Romney also responded to the latest Trump scandal.
Mitt Romney won't publicly back a presidential contender, neither a Democrat nor a Republican, ahead of the 2020 election.
"I'm not planning on endorsing in the presidential race," Romney, the losing 2012 Republican nominee, told CNN Thursday. "At this stage, I'm not planning on endorsing in the primary or in the general."
Romney, 72, the junior senator for Utah and former Massachusetts governor, wanting to sit out the next cycle isn't surprising given his past spats with his party's current standard-bearer, President Trump. But the mild-mannered lawmaker's refusal to get behind a sitting president from his own side of the political aisle as the 2012 Republican presidential nominee would be eyebrow-raising in a pre-Trump era.
Trump so far has three declared primary challengers looking to derail his reelection bid: Bill Weld, another former Massachusetts governor; Joe Walsh, a former Illinois congressman turned conservative shock jock; and Mark Sanford, a former South Carolina governor and congressman better known for a very public extramarital affair.
Utah Sen. Mitt Romney, who has recently said he may decline to support President Trump’s reelection bid, tweeted on Sunday that it would be ‘troubling in the extreme’ if the president appealed to his Ukrainian counterpart to investigate Joe Biden and his son, Hunter.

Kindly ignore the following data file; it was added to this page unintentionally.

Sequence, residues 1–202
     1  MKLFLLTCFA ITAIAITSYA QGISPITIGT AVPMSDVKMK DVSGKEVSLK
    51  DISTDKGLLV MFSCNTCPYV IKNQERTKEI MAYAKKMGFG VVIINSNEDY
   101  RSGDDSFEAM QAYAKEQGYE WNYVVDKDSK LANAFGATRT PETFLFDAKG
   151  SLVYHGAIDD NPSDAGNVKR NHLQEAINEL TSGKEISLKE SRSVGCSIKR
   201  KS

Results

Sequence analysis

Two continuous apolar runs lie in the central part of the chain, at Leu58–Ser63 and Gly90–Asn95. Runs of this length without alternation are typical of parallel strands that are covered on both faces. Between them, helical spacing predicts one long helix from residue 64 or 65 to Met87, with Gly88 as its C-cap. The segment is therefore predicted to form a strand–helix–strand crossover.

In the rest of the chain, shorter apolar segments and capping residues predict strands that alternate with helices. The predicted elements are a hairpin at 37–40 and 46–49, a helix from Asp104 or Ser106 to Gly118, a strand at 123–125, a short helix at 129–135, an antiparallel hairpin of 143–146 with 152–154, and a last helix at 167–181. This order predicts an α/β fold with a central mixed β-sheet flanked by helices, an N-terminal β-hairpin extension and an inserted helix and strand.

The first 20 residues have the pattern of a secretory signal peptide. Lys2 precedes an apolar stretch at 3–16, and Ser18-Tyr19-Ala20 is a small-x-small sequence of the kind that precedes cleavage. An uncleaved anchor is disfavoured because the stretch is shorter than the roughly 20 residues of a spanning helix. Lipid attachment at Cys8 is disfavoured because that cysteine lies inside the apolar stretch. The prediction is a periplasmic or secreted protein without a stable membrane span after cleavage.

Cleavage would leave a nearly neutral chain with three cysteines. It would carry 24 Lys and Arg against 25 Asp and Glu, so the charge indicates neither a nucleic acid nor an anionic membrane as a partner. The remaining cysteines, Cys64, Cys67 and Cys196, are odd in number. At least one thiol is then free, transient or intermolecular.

Romney, in a tweet on Sunday, said it was "critical for the facts to come out.”
If the President asked or pressured Ukraine’s president to investigate his political rival, either directly or through his personal attorney, it would be troubling in the extreme. Critical for the facts to come out.— Mitt Romney (@MittRomney) September 22, 2019
Romney, who is known to change his opinions frequently has long been an opponent of President Trump.
Trump called his conversations with President Volodymyr Zelenskiy “perfectly fine and routine."
“Nothing was said that was in any way wrong,” Trump said.